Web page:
In the mid-1970s, my parents and I were part of a Christ-centered meditation group. Meeting on the premise that prayer is man talking to God, and meditation is God talking to man, our group consisted of about eight to ten regular participants. Each Friday evening we'd meet in one home or another, and it was always a very nice way to end the week, as we'd leave feeling relaxed, recharged, and spiritually "connected."
It was a somewhat diverse group, as our friends were both black and white, Catholic and Protestant. While most of us were active in our own traditional churches--and were certainly part of "mainstream" society--the meditation group provided the "something more" that seemed to be missing in our spiritual lives.
Our gatherings began with everyone sitting on the floor in a circle. Why on the floor? Well, part of that was completely practical--none of us had enough chairs that could be easily moved into one room to accommodate a group of this size. We'd sit in the circle, usually holding hands, and after saying a prayer for protection and guidance--and one that thanked God for allowing us to again meet in Christ's name--individuals would begin to speak, as they felt led to do so.
One night a new man was with us, as he'd been invited by one of our friends who felt he could benefit from this type of spiritual gathering. I don't recall, now, all of the problems that this man was facing, but we hoped that he'd come to realize that help and guidance were always, always available....
As we sat on the floor in our circle, prayers were said for us all, and especially for our new friend. At some point, with eyes still closed, I did not "see," but rather perceived three men standing behind our newcomer. Dressed in long robes, one held a bowl of water, and all three of the robed figures dipped their fingers into the bowl and sprinkled water onto the man's head. Again, this was nothing that I saw with my eyes, but something that I "knew" had happened.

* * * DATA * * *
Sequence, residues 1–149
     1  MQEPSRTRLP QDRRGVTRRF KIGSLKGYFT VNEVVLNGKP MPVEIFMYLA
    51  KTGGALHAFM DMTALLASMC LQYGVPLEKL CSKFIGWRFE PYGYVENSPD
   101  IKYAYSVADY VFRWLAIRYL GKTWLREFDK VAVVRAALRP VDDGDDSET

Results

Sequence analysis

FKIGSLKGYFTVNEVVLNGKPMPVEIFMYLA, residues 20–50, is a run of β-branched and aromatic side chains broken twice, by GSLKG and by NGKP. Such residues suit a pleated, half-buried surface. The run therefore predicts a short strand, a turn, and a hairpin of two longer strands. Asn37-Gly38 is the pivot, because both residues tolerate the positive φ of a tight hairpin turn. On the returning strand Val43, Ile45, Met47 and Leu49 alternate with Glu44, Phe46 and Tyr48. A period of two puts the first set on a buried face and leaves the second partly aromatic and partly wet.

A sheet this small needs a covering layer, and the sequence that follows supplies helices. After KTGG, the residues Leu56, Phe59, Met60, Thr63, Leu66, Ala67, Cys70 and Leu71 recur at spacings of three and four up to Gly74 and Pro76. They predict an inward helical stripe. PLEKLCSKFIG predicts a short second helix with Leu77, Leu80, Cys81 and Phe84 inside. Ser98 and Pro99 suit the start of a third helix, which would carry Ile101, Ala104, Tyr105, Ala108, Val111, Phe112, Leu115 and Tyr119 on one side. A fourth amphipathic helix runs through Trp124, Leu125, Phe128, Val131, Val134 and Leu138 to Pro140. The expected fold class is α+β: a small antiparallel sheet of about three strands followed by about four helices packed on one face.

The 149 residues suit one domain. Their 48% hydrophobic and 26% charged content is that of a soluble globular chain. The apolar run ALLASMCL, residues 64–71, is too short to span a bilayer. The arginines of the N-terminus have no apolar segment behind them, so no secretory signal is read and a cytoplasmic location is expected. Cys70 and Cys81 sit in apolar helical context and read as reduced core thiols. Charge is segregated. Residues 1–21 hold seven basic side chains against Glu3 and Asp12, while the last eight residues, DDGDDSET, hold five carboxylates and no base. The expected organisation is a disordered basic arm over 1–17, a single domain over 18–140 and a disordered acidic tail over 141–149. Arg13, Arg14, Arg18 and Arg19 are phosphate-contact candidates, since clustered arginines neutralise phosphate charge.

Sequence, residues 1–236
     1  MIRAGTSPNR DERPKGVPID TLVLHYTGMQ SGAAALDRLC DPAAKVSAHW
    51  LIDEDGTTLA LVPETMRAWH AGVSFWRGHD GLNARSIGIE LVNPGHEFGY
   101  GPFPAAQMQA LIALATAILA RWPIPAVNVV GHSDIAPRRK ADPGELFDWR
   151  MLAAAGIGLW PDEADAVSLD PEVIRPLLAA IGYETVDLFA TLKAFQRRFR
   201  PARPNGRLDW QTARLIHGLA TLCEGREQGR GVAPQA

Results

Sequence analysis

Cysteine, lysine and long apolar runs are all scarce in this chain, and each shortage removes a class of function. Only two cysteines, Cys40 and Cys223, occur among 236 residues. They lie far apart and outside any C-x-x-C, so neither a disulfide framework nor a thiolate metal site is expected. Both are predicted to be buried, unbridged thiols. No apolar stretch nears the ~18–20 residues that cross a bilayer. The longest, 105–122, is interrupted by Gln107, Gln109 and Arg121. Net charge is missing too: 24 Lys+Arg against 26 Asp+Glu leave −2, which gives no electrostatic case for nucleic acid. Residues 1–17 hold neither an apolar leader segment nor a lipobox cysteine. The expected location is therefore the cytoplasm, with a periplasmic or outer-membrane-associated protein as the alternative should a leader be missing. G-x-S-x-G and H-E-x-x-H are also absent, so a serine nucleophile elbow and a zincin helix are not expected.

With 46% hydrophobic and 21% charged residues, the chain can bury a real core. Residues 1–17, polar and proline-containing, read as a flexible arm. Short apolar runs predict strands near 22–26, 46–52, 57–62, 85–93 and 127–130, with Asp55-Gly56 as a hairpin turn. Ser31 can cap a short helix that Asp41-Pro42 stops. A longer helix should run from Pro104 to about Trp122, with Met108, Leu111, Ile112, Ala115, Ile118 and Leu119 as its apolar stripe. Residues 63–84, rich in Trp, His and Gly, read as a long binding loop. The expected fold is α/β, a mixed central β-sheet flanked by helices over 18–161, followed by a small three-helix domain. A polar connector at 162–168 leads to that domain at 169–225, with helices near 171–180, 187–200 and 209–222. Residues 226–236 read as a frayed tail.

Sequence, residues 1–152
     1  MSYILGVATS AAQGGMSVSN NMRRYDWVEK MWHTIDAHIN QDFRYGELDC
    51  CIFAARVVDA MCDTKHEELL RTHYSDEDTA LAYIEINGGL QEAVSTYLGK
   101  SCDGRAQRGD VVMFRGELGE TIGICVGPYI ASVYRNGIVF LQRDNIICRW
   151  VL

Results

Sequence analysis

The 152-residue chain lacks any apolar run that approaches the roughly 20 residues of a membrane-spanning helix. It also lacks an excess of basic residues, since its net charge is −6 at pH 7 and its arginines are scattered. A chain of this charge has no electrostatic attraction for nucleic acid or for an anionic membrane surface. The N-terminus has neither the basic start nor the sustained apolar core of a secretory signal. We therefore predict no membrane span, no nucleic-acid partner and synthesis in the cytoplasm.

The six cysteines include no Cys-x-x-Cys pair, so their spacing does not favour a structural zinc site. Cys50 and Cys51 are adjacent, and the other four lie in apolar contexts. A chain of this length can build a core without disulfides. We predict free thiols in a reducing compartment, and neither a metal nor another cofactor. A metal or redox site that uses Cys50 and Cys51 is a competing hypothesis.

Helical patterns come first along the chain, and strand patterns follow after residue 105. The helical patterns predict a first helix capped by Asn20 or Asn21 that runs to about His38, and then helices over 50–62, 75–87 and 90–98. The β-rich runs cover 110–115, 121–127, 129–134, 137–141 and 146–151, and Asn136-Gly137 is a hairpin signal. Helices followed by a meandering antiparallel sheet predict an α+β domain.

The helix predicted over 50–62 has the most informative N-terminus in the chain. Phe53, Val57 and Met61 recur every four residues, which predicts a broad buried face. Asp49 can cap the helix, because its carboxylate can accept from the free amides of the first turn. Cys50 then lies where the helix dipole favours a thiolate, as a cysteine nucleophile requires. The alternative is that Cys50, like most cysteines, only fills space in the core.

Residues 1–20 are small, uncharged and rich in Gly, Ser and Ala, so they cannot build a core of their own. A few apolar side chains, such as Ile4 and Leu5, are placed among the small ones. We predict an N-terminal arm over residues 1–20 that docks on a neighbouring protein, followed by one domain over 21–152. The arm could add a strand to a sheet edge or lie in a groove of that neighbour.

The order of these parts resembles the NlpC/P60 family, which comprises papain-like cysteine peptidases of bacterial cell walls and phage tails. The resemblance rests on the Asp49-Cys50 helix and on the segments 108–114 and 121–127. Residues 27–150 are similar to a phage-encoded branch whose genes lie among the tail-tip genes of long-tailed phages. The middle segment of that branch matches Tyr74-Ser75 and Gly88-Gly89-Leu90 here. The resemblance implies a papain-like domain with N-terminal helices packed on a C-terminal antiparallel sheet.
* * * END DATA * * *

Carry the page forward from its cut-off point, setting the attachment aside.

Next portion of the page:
After the meditation session, as we relaxed and talked with each other over desserts and coffee, I told "Don" what I had perceived. He smiled and told me to talk to "Mitchell," another man in our group.
When I talked with Mitchell--who had already talked with Don--he said that he had also "seen" these three robed figures behind the new man whom we'd been praying for, and he had also witnessed the sprinkling of water on the man's head. It seemed that our "perceptions" were identical, and we concluded that our new friend had received some sort of spiritual "blessing."
This was not the first nor the last time that spiritual visitors were perceived by various members of the group--and in almost all cases, these perceptions were independently confirmed by at least one other person who had "perceived" the same thing. Just as important as what we often "perceived," the wisdom that was shared when we gathered had practical applications in our daily lives. We can all get so caught up in the frantic pace of life, that it's sometimes easy to forget that God is right there, in the midst of it. The group helped to restore our balance and to remind us of this....
We continued to meet each week for three years or so until moves and transfers, the birth of children, and changes of schedules so diminished our numbers that we stopped gathering on a regular basis. One of our members went on to become an ordained minister, and all of us grew through the experiences and the fellowship that we shared.
There is much to be gained by following the directive to "Be still, and know that I am God." (Psalm 46:10) When we are still, our hearts and minds become receptive vessels, allowing us to no longer just have to believe in God, but to know that there is a power and unifying force present in the world and in our lives....